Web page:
[Poa pratensis L.]
bluegrass is the second most widely grown cool-season species in North Carolina
because it has a dark green color, a medium to fine texture, and, due to its
aggressive rhizome system, can recover from stresses. It prefers fertile,
well-limed soils and full sun to moderate shade. Kentucky bluegrass is often
mixed with other cool-season grasses like tall fescue to enhance the ability of
the turfgrass stand to recover from stresses. Kentucky bluegrass is often
confused with tall fescue and/or perennial ryegrass. However, Kentucky
bluegrass has a boat-shaped leaf tip and distinctive light-colored lines on
both sides of the midrib.
is an open panicle. spikelets are flattened, with 3-5 seeds each.
folded in the bud
very short, collar-like, 0.008 - 0.04 inches (0.2 - 1 mm) long
Season / Life Cycle
Blade Tip Shape
shaped; usually V-shaped, sharply creased below; two distinct, clear lines,
one on each side of the midrib
0.16 inches (2 - 4 mm) wide
divided by midrib, may have fine hair on edge
but splits with maturity
bluegrass leaf tip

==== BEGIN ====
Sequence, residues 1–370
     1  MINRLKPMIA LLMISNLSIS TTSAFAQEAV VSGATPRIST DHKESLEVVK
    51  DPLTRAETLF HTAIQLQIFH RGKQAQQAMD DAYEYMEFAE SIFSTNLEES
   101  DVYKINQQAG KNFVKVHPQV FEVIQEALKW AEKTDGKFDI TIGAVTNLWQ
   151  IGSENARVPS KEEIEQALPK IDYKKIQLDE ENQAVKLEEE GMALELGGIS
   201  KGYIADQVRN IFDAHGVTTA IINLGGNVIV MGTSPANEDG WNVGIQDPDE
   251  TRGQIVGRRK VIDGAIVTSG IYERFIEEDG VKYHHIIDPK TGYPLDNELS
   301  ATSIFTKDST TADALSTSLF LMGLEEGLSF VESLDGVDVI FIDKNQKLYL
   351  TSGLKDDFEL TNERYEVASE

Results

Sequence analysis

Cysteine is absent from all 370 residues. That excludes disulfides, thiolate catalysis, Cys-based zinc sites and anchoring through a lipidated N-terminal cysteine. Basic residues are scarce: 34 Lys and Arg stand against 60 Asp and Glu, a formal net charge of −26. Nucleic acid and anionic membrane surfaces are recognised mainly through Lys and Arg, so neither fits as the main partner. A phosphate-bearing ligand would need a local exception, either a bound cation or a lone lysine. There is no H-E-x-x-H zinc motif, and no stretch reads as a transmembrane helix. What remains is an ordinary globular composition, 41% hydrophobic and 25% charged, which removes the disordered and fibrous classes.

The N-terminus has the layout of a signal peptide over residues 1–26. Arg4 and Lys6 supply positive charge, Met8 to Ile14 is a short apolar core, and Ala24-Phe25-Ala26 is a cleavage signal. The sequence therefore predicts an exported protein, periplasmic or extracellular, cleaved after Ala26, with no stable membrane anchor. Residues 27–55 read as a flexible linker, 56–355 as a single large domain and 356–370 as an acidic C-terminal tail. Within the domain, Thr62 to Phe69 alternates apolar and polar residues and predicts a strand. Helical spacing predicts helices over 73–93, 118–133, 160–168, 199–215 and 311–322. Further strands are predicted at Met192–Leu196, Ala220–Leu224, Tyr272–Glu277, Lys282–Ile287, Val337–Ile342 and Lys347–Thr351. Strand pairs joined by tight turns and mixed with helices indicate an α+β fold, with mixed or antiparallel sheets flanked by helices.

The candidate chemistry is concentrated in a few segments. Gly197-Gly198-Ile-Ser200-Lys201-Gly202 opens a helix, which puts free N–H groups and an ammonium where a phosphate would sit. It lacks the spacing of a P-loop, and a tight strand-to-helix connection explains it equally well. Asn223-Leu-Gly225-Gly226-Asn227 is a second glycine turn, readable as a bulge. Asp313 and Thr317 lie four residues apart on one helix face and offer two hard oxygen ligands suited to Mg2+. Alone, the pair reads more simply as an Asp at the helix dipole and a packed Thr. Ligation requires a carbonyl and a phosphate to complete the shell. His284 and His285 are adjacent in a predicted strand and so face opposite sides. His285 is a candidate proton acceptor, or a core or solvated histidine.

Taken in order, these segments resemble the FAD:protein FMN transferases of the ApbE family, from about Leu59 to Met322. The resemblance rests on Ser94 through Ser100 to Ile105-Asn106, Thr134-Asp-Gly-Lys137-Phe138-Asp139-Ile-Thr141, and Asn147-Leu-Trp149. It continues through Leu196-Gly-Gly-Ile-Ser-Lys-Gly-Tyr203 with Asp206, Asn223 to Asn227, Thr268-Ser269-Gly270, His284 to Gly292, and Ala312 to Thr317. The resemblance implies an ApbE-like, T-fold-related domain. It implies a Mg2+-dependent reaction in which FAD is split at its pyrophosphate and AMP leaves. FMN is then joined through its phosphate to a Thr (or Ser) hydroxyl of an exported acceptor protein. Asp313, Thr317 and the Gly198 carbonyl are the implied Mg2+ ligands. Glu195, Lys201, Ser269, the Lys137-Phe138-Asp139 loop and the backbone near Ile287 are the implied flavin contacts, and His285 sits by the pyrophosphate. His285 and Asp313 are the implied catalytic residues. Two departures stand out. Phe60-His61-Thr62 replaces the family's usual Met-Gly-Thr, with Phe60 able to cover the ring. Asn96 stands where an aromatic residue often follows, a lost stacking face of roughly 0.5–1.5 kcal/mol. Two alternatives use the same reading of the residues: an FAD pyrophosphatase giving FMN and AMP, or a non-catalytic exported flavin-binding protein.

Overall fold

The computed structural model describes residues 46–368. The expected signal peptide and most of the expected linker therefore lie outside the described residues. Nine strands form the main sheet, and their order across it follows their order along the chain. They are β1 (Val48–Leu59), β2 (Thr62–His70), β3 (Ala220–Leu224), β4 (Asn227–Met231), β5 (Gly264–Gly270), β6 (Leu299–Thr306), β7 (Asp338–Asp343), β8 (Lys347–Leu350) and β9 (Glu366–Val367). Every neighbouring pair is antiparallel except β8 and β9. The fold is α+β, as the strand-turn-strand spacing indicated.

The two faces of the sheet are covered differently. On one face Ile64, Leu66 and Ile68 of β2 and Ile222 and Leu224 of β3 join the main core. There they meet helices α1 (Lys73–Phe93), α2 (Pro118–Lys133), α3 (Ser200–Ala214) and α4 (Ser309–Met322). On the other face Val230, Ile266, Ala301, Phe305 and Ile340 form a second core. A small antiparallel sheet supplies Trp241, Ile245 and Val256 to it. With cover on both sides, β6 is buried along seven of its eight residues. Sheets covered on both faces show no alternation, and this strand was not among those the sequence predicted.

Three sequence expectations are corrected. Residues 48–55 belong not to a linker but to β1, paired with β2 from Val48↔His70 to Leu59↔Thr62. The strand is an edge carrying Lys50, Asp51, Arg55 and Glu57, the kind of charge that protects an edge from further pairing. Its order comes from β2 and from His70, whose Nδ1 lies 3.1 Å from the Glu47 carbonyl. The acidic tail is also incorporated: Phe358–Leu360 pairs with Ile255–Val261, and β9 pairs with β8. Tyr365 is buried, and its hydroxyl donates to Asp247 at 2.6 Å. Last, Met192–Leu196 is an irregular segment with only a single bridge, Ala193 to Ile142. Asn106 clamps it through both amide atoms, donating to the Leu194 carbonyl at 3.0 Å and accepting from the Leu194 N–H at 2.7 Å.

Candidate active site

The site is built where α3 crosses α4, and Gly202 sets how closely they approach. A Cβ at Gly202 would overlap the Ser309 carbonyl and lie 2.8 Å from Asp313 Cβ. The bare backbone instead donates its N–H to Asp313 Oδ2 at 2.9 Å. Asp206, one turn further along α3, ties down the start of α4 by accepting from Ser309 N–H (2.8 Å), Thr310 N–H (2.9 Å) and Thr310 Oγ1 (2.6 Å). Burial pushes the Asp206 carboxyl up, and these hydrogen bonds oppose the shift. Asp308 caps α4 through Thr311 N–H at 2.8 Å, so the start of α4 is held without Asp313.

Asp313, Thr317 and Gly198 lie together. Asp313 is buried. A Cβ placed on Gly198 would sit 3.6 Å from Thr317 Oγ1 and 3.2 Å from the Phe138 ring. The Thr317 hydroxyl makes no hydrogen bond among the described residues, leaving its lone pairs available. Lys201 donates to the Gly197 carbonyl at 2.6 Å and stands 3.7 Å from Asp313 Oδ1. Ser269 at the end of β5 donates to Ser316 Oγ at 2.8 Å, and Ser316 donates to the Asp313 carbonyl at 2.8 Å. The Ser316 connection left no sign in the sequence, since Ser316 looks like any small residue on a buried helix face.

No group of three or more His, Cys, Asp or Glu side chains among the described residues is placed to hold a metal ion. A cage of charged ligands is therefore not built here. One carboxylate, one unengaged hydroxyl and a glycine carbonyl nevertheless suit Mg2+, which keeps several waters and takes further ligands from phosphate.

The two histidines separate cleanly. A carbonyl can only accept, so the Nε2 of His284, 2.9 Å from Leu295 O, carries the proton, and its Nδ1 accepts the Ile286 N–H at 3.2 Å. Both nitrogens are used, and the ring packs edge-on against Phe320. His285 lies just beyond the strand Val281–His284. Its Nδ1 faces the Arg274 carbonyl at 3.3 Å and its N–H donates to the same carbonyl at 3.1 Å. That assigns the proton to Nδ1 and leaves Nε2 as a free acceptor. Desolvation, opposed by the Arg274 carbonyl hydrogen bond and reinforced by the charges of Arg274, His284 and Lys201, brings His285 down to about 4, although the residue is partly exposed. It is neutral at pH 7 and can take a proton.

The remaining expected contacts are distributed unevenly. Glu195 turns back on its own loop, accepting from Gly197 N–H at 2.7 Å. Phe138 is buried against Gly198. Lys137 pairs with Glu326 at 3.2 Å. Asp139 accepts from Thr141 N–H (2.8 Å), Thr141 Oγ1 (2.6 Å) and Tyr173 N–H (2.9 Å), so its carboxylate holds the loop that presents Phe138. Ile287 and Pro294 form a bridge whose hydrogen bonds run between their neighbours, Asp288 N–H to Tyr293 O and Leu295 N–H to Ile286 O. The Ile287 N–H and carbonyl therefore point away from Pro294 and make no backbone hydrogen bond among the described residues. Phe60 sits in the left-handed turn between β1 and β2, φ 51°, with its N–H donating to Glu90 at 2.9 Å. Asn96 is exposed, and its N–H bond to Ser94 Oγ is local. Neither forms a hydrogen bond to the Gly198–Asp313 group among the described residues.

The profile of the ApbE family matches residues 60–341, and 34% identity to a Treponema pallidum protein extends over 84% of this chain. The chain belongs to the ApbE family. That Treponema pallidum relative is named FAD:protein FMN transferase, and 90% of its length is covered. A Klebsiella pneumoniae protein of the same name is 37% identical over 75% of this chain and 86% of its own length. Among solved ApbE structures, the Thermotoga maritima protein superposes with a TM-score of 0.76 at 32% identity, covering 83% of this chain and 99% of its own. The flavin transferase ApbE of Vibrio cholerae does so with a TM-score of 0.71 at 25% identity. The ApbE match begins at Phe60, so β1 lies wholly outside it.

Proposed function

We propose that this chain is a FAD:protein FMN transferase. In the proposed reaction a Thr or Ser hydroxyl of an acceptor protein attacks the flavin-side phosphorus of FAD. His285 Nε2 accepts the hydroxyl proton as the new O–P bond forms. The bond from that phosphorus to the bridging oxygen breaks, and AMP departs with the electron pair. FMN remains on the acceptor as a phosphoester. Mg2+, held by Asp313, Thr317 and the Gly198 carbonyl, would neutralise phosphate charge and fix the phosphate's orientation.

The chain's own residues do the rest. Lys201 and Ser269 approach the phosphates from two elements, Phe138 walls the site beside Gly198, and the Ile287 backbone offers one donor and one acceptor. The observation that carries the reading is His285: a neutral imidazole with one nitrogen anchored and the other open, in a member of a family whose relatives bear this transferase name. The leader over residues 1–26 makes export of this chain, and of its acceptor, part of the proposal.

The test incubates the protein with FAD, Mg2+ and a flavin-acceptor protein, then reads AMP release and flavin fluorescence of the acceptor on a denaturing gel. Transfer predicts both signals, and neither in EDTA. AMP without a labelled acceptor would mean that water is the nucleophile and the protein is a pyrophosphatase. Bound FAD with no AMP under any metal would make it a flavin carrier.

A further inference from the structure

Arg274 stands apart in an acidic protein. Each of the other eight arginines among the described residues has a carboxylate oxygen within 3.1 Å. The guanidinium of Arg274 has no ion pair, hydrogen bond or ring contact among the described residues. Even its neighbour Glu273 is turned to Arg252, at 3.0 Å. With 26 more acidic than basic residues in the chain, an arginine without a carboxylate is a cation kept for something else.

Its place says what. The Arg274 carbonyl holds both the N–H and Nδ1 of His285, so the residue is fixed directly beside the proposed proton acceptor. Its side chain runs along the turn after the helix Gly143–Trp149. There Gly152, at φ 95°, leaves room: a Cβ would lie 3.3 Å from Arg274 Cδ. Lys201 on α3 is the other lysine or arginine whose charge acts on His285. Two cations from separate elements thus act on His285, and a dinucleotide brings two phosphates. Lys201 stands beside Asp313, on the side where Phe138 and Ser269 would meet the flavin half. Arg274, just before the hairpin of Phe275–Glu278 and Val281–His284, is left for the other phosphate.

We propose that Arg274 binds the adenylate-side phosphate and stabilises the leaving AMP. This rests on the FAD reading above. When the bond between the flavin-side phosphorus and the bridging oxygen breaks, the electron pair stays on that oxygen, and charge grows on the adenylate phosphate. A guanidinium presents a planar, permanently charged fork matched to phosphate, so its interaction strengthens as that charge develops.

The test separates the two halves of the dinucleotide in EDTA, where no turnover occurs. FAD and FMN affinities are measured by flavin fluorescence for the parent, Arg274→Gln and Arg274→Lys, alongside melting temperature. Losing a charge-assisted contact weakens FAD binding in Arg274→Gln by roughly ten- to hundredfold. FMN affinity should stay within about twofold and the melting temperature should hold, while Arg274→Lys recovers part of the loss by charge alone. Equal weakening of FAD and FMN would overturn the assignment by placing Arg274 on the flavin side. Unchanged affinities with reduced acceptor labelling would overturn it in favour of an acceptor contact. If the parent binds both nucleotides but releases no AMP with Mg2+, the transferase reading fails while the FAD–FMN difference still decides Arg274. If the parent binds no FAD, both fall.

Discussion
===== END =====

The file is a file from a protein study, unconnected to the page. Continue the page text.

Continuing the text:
Note: Still not
sure this is the right turfgrass? The Turf & Weed Identification
Decision Aid may help. Check the TurfFiles glossary for definitions
of unfamiliar terms.
Need help in selecting the best
turfgrass for your particular situation? The Turf/Cultivar Selection
Decision Aid will help you sort through the options which are available.
For more information on turfgrass/cultivar selection, establishing a new lawn,
caring for a new lawn, or renovating a lawn, see AG-69,
Diseases Which May Affect This Turfgrass
leaf spot /
patch (pink snow mold)
© North Carolina State University. This information sheet was prepared
by Arthur H. Bruneau, Bridget R. Lassiter, Gail G. Wilkerson, Emily J.
Erickson, Casey Reynolds, Jenifer J. Reynolds, and Gregory S. Buol. Department
of Crop Science, College of Agriculture & Life Sciences, North Carolina State
University. Prepared April 29, 2008. Available on-line
at www.turffiles.ncsu.edu. This publication was made possible through a grant
provided by the Center for Turfgrass Environmental Research & Education
(CENTERE) whose purpose is to support worthwhile projects that will benefit
both the private sector and the public, and protect the environment.